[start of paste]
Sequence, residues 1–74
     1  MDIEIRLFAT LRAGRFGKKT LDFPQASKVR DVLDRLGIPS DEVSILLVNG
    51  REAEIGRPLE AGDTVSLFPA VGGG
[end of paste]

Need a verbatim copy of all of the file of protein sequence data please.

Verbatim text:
Sequence, residues 1–74
     1  MDIEIRLFAT LRAGRFGKKT LDFPQASKVR DVLDRLGIPS DEVSILLVNG
    51  REAEIGRPLE AGDTVSLFPA VGGG